In China, almost everyone is on WeChat or Weibo. So, it’s not surprising that local Chinese residents are very active on these platforms, in order to connect with each other and keep up with their communities. Politicians and celebrities have come to realize the importance of these platforms when engaging with Chinese demographics.
Who’s on Chinese social media?
Western politicians have taken to using Chinese social media to connect with potential voters. In countries with large Chinese populations, gaining the Chinese vote can be key to getting politicians elected, and WeChat and Weibo are the way to go when building connections.
For example, Canada has a Chinese population of nearly 2 million people. For Canadian politicians, reaching Chinese voters is essential. As former New Democratic Party leader, Thomas Mulcaire, put it, Chinese social media is “a way to connect with [Chinese people] directly and hear the issues they face.” Mulcaire started a Weibo account in 2013, allowing him to talk to potential voters and gain their support for his leadership.
Chinese people are also generally more active on social media than other groups. When then-City of Vancouver Mayor Gregor Robertson created his Weibo account, 14 000 users followed him in the first 24 hours!
Addressing issues on Chinese social media can also be a great way for politicians to gain support. A good example is BC MLA David Eby, whose housing tax was unpopular with Chinese voters. Conversations about this were frequent on Chinese channels and were damaging for his political aspirations. We helped him engage with his constituents on WeChat, creating an official account and a discussion group in which people could talk about various topics and ask Eby questions. This helped convert skeptical voters into supporters, and dispelled common myths about his policies.
Famous individuals have also joined Chinese social media, to huge responses from Chinese fans. World-renowned British scientist Stephen Hawking opened an account on Weibo, and Chinese fans were instantly drawn to him because he offered something compelling and unique.
People were thrilled that they could talk to Hawking directly and get to know him better, as he had always been an inspirational figure to them. Hawking also represented the mysterious unknown of other worlds— one user commented that following Hawking’s Weibo made him feel connected with the universe. 76 000 people agreed with this user by giving this comment a thumbs up!
(Translation: “I felt like I was connected to the universe after following your account”)
Bill Gates enjoyed a similar reaction when he joined WeChat. In an opening video to his fans, he explained that he intended to publish a blog series in which he would share thoughts about people he meets, the books he’s reading, and the things that he’s learning. Followers loved that Gates’ account would produce unique, quality content instead of just advertising to Chinese fans.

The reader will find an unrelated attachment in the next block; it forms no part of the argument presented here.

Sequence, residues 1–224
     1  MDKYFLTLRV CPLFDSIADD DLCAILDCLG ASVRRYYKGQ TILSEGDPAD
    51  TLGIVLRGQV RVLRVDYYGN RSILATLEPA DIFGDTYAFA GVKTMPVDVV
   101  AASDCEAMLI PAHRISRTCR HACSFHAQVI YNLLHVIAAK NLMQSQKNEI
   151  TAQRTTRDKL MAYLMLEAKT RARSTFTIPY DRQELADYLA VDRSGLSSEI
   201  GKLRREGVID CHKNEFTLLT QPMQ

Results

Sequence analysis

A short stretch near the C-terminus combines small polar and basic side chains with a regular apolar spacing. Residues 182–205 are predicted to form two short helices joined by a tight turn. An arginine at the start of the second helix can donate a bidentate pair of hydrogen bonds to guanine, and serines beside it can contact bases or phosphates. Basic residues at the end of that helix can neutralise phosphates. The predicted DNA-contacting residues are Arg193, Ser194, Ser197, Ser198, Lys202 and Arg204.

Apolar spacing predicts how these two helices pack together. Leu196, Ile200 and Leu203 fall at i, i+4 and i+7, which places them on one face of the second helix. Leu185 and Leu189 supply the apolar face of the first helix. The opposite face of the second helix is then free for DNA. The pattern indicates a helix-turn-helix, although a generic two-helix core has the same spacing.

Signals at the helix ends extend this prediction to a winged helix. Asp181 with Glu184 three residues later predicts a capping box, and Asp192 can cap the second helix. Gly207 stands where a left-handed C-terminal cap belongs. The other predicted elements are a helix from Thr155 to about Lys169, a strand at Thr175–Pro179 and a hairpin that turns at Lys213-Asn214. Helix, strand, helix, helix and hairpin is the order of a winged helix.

Of course, not everyone has the same international fame as Stephan Hawking and Bill Gates. For lesser known celebrities, connecting in a genuine way is key. Neil Bush, who had 5000 followers on Twitter, amassed over 134 000 followers on Weibo. Why? He was genuinely invested in his account, posting nearly daily pictures, inspirational quotes, and personal thoughts.
Film and movie stars
WeChat and Weibo are also appealing for celebrities who work in the film and TV industry. Chinese social media is a great way to advertise films to Chinese people and redirect them to video-streaming sites like Tencent Video. These video sites are more important and frequented than other channels like DVD sales and cinema releases in China.
Recently, Hollywood has been making a major play for the Chinese market. According to a recent report by the Motion Picture Association of America, China is now the second-largest box office market in the world. As a result, developing an online presence for Western celebrities allows them to reach this huge market.
(Sources: https://reut.rs/2xpEPP1, https://bit.ly/2XQCJGZ)
How do they maintain their accounts?
Though most celebrities’ Chinese social media is run by marketing agencies, it’s important that these social media accounts give off a personal face and connect with their Chinese audiences.
Avril Lavigne’s posts on Weibo are taken directly from her Twitter account, with the original English post being translated into Chinese. However, it’s important that celebrities create personal posts directed specifically towards Chinese audiences. Otherwise, the celebrity’s Chinese audience will feel like they’re just an after-thought.
The risk of only posting sometimes
On any social channel, it’s important to commit to posting regularly, not just during election campaigns or box-office releases. During his 2015 election campaign, Prime Minister Justin Trudeau started WeChat and Weibo accounts to connect with Chinese voters but stopped posting after the elections. As we wrote in a blog several years ago, social media needs to be about building relationships, not sales or votes.
Get started now!
Establishing a presence on Chinese social media is an essential step to reach Chinese demographics in Canada, as well as abroad. With an understanding of Chinese culture, a genuine desire for connection, and a good translation and marketing team, it will be highly rewarding!